Padma sat by the window reading “Harry Potter and The Order of The Phoenix” for what was probably the fifteenth time. She’d already binged through Goblet of Fire. When she reached the chapter “Silver and Opals”, she looked up for the first time in three hours and out the window. The road outside was empty save for a cat that was scratching the neighbor’s door on the other side. “What if that were Minerva McGonagall?”, Padma thought to herself and chuckled, amused. She decided to give herself a break, leaned against the wall adjoining the window and closed her eyes, her mind buzzing with thoughts of Voldemort taking over Harry’s dreams and wondering if she might fall victim to that too, if she fell asleep just then. She’d just closed her eyes when the doorbell rang. “Now? Really?”, she muttered and made her way unwillingly to the front door. She peered through the peephole cautiously, but there was no one in sight. She slowly opened the door and heard a shuffling noise at her feet. It was the cat she’d seen, trying to nudge past her legs and into the house. Before she could make sense of the situation, it had already made a dash for the living room and paused at the edge of a straw mat by the poojai room. Padma, still bewildered looked outside one last time before she closed the door and wondered who had rung the doorbell. Surely, it wasn’t the cat?! She shook her head. The doorbell mystery could wait. There was a stray cat in her living room. She frowned and stared at her intruder who had by then decided that the mat was an enemy and must be destroyed. Padma meanwhile, had gathered her wits and gently started tiptoeing towards the cat; although what she would do once she approached it, she hadn’t thought about just yet. The cat was still pawing away at the mat, its concentration unwavering. Padma was now within petting distance from it. Now came the almighty question. What was she going to do? What could she do? Shooing it would only drive it deeper inside her house. She couldn’t just pick it up and take it outside her house.. could she? No, that was out of the question. For starters, she had no idea How to lift a cat. What if it scratched her face? No. That was out of the question. As she pondered, she slowly sat down behind the cat. Now she was level with its tail and just looking at it with a vacant expression, head tilted to a side, unable to decide what to do next. Meanwhile, the cat, who had evidently felt an alien presence around it, stiffened and looked around and with a loud and startled miaow backed a couple of steps away from Padma, who was equally startled by the feline shriek. Both looked at each other, the cat with its paws slightly lifted, ready to flee and the human with her hands behind her on the floor, a confused expression across her face. The human acted first. She raised her hands , in an expression of resignment and surrender and mouthed, “Okay, calm down. I am not going to hurt you”, even as a voice in her head said “You are talking…to a cat.”. Another voice in her head said “Yeah, what if it doesn’t know English?”. Padma chuckled for the second time that day having amused herself again. She shook her head again. “This is not the time, Padma.”, she thought and began inching away from the cat. Slowly, she got up and walkedto the kitchen, all the while watching the cat through the corner of her eye. “I might as well get you some milk”, she called out, still aware that her visitor probably didn’t understand the noise that the owner of the house was making. She heated up a bowl of milk to a moderate temperature, took the bowl and placed it cautiously at the edge of the now-somewhat-worse-for-the-wear mat. The cat looked up at Padma with wide eyes and then at the bowl of milk still not moving from its position. She took the cue and backed away. This prompted it to approach the bowl and sniff its contents. Satisfied, it dipped its tongue into the milk and started lapping it up, its eyes initially on Padma and eventually on the contents of the bowl. It must have been really hungry, for it finished drinking within a matter of minutes and placed a foot on the bowl when it found that there was no more milk to drink. It looked up at a smiling Padma, who was glad that her offering had been so well accepted. “Do you want more?”, she enquired, not really expecting a response. Those expectant eyes were answer enough and she went back to the kitchen area to heat up some more milk. This time however, the cat followed her and began poking at the slippers she had left at the entrance of the kitchen. She refilled the bowl and placed it again, this time closer to the cat that did not inch away, but was looking intently as the bowl moved from human to floor. The pace at which the bowl was emptied this time was even quicker, but it evidently sated the cat’s hunger, for it did not look up again at Padma, but moved towards its favorite torn-up mat and lay down. She heated up a glass of milk, this time for herself, picked up the Harry Potter book from near the window and sat next to the cat. She took a sip of milk and opened the page to Silver and Opals and started reading out loud, a gentle palm on the cat’s head – “Where was Dumbledore, and what was he doing?…”. She paused. “What was Dumbledore doing, Minerva?”, she addressed the cat, took another sip of milk and smiled.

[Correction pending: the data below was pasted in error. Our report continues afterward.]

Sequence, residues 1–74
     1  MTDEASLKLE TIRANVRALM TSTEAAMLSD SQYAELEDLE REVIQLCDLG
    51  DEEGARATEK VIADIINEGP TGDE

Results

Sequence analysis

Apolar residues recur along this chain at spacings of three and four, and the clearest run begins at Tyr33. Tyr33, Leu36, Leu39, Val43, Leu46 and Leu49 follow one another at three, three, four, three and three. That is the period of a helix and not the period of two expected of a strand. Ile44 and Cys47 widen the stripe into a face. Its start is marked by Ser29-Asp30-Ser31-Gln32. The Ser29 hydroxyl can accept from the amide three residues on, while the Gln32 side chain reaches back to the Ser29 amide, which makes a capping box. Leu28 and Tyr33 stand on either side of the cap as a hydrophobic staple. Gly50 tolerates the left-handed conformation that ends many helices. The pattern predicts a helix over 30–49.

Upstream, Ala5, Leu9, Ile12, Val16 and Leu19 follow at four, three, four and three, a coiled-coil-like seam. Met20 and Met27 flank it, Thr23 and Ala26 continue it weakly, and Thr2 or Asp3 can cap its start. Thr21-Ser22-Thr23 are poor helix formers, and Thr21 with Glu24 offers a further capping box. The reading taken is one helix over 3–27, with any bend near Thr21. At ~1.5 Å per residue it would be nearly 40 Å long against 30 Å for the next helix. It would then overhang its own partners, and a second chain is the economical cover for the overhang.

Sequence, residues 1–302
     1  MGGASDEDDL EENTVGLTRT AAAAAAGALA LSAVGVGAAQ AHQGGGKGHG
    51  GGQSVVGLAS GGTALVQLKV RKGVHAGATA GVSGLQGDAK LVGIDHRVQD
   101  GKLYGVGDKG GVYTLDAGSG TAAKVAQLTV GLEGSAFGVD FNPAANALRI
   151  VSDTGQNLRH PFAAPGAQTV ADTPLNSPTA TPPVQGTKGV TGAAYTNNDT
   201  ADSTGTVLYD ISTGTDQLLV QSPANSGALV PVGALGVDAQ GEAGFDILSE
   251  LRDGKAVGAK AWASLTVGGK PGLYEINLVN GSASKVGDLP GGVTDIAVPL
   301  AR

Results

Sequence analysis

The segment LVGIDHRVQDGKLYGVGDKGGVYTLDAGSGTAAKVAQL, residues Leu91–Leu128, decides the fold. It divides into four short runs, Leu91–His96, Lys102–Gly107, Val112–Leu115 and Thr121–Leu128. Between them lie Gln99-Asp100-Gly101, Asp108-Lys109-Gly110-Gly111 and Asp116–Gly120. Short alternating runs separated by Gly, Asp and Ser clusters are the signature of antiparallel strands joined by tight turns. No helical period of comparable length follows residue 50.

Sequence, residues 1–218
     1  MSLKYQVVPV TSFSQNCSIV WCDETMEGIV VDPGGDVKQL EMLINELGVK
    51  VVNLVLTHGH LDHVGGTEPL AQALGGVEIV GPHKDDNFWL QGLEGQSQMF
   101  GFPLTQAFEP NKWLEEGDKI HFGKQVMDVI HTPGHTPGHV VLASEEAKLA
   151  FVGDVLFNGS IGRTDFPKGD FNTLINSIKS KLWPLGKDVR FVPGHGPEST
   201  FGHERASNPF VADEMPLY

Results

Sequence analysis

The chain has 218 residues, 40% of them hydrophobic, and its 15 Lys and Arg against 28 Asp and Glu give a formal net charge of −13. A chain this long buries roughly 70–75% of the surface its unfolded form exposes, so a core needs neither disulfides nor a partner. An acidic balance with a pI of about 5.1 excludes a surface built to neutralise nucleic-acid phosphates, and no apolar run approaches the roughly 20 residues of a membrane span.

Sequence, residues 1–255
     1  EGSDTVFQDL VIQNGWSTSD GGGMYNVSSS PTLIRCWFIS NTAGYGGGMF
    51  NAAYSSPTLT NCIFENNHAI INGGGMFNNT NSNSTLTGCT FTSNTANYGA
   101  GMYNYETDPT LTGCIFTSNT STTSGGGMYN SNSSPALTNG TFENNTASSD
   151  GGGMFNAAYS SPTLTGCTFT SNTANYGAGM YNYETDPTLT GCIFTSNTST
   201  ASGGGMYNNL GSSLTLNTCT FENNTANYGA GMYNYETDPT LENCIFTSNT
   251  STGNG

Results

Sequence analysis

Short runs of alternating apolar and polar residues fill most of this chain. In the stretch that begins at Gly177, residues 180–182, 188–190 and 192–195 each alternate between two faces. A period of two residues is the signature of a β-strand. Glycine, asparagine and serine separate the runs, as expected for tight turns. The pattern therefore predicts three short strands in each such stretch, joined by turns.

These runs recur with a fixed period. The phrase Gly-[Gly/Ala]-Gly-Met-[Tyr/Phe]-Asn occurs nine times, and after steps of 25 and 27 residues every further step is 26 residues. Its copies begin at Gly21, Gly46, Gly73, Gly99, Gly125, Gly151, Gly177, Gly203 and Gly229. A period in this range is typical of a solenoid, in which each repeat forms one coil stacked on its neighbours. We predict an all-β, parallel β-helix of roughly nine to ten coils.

(* Doodh is the Hindi word for Milk. The idea here is to convey the ease with which bonds are formed between a human and animal with something as simple as a glass of doodh. There’s no deep meaning here. It’s just a day in the life of a person, that took a minor surprising turn, but ended up being a pleasant experience in the end.)